- For Teachers
"We didn't need to have been in such a hurry. The train pulled out only half an hour after we got to the train station."
Could I say that? Would it sound better with "shouldn't have been in such a hurry"?
Last edited by ostap77; 15-Sep-2012 at 21:29.
How would you put it?
Part of the problem is that you say "only" which shows you think the time was very short.
It's a good thing we hurried - the train pulled out only five minutes after we got there.
We didn't need to have hurried - the train didn't pull out until half an hour after we got here.
I'm not a teacher, but I write for a living. Please don't ask me about 2nd conditionals, but I'm a safe bet for what reads well in (American) English.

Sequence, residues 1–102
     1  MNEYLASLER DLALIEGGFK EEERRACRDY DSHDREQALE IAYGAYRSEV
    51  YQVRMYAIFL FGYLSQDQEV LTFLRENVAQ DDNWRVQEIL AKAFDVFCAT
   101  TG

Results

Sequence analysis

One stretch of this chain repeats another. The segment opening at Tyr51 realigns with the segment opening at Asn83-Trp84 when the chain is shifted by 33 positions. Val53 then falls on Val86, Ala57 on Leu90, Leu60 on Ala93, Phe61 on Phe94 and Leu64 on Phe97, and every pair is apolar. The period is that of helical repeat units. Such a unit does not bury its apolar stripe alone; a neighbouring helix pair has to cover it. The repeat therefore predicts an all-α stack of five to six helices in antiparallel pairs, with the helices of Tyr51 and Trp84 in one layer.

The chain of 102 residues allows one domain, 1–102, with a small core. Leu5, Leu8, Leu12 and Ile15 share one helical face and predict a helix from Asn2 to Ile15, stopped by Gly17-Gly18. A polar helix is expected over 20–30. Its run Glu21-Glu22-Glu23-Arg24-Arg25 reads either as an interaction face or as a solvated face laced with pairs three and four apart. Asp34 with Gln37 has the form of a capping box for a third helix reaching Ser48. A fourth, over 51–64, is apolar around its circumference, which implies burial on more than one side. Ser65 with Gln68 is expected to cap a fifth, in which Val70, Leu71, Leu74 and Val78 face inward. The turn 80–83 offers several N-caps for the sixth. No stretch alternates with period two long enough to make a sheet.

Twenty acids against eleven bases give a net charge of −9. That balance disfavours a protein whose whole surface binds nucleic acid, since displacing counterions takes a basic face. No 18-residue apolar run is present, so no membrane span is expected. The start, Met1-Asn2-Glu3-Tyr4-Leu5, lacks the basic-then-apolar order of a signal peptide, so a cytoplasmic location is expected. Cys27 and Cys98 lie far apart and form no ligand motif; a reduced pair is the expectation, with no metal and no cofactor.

I'd use We needn't have hurried.
Would it be totally unnatural to say "We didn't need to have been in a hurry"?
Last edited by ostap77; 15-Sep-2012 at 23:36.
Maybe only 87%.
I'd say it was unnatural: what you didn't need to have done was hurry (not be in a hurry). So 'needn't have hurried' sounds more natural.
After that, as Barb said, the 'only' sounds odd. You want to say how long the difference was between 'just in time' and '30 minutes after we arrived'. I'd say somethig like 'We needn't have hurried. The train pulled out
onlya good half an hour after we got to the trainstation.' (No need to repeat 'train'; we already know you caught a train there, so we don't need to be told what sort of station it was.)
BrE would prefer needn't have been... while AmE speakers will (I believe) tend to prefer the non-modal form, as used here. Shouldn't have been would be different in meaning.
What meaning would that be if I said "We shouldn't have hurried......."? I'll go on with the next sentence. "We're going to have to do without the suitcase we left at home" OK? Is better to use "have" or "need" as in "going to have/need......"?